As a result, the cost of design, tooling, prototypes and testing can rapidly eat up any prospect of a profit. This leads to corners being cut, especially on tooling (e.g. re-using a mandrel used for a previous model - the internal diameters of the Cross 14' were the same as the Multi.....), prototype development and testing (you may have to sell 100 of a model to cover the cost of 2 prototypes). The consequence is inconsistency across the range and non-compliance with the stated specification.

The same issue is just as prevalent in trout rod ranges too , Michael.
 

christian roulleau

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Completely agree with MCXFisher, only the series of cult rods offered this feature, I have 13'4 13'8 and 14'7, and it is necessary
admit that finding the same action is a real pleasure and a gain fishing efficiency
 

charlieH

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I think it's fair to say that Bruce & Walker rods tend to be fairly consistent across their respective ranges. I have Powerlites in 14', 15' and 16', and Norways in 13', 14' and 16' (I have cast the 15' but not owned it - I have the 15'3" Kola instead!). Of the two ranges the Powerlites are a bit more through actioned than the Norways, but I think that within both ranges you can say there is a 'family resemblance'.
 

Icelander05

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I do own a couple of CND rods and I would say that (Specialist or Solstice series) on those only the length and the weight differ but not the action. Unfortunately they are a bit pricy. And I agree on the statement of the Vision Cult series.
Icelander05
 

rotenone

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I have four rods form a range of models in 12ft7, 13ft7 and 14ft8.

About five years ago, I bought the 13ft7 rod first and loved the action and tempo. Then I bought the shorter and longer model, and the action is way different. Way stiffer and tip action. Is this common to all rod makes? Is it impossible to make a rod range of size with same action?

It is a shame really.

Also, I notice a lot of rods makers calling a 10 weight a 9 weight. Why is this? Is it to make rods easier to cast by heavier load?
Which series/brand of rod is it out of interest? I think it quite common with fast action Scandinavia rods with hyperbolic actions to find consistency through different lengths, in my exp they sometimes try to compensate in shorter models by making them stiffer/faster where as a Scottish style progressive spey rod action will remain more consistent throughout different lengths you can see this point through the posts above, bruce and walker, cnd and vision cult all being mentioned with consistency common thing being progressive and powerful actions

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acerspader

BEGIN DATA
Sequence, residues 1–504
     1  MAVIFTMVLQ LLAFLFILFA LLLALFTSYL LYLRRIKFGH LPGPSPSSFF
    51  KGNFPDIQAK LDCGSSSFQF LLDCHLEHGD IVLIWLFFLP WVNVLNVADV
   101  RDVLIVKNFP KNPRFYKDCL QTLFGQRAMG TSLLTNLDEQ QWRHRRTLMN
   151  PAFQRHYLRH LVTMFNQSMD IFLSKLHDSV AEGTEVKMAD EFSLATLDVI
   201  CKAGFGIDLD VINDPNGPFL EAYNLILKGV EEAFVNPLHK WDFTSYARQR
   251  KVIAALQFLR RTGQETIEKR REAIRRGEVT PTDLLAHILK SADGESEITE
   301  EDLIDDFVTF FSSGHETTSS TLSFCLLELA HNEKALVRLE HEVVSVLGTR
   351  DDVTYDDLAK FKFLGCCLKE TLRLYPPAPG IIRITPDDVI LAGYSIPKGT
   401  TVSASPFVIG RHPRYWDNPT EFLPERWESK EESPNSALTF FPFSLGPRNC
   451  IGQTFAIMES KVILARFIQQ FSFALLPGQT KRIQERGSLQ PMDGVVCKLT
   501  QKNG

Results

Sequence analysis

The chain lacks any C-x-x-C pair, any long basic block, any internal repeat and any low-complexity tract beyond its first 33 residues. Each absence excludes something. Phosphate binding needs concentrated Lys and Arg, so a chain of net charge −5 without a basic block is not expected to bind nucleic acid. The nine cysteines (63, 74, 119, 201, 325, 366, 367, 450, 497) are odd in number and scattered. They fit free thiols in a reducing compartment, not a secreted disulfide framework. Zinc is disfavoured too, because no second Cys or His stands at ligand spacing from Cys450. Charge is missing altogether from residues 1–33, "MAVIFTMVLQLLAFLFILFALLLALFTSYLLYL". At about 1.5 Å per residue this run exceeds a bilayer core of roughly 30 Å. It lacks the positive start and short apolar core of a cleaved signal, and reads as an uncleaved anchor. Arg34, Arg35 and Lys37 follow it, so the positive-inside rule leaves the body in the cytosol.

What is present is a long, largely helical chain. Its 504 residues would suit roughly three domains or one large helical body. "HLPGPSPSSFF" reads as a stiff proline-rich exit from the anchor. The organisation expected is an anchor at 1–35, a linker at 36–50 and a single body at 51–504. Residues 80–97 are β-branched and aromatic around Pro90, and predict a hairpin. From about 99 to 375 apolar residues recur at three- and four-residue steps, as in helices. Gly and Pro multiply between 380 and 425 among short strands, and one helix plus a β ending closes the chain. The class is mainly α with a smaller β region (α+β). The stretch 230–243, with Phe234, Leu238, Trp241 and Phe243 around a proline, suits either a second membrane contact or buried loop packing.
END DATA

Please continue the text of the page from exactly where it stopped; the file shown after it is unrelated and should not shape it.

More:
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Which series/brand of rod is it out of interest? I think it quite common with fast action Scandinavia rods with hyperbolic actions to find consistency through different lengths, in my exp they sometimes try to compensate in shorter models by making them stiffer/faster where as a Scottish style progressive spey rod action will remain more consistent throughout different lengths you can see this point through the posts above, bruce and walker, cnd and vision cult all being mentioned with consistency common thing being progressive and powerful actions

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Hey rotenone,

It is the first Mackenzie Atlas series, I loved the 13ft7 model and it suited my style of casting. But found the 12ft7 and 14ft8 quite stiff, I am sure there would be others who preferred the stiffer rods and not the 13ft7 model.
 

rotenone

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Hey rotenone,

It is the first Mackenzie Atlas series, I loved the 13ft7 model and it suited my style of casting. But found the 12ft7 and 14ft8 quite stiff, I am sure there would be others who preferred the stiffer rods and not the 13ft7 model.
Ive not tried those rods only th orginal models , but I did find some Mackenzie rods a little stiff/fast for my tastes great rods though, its most likely a purpose design for a specific type of built into that blank given the designers huge experience ,I found this many times the only rods I am confident in buying blind are gaelforce destination or cnd bias versa as they are so consistent in their actions across the range.



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1kofly

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Hi, that is why I try the rod before buying if possible or just having right attitude. My approach is to treat unknown rod as a trial purchase and I am always menthaly prepared to resell ;) part of the game :)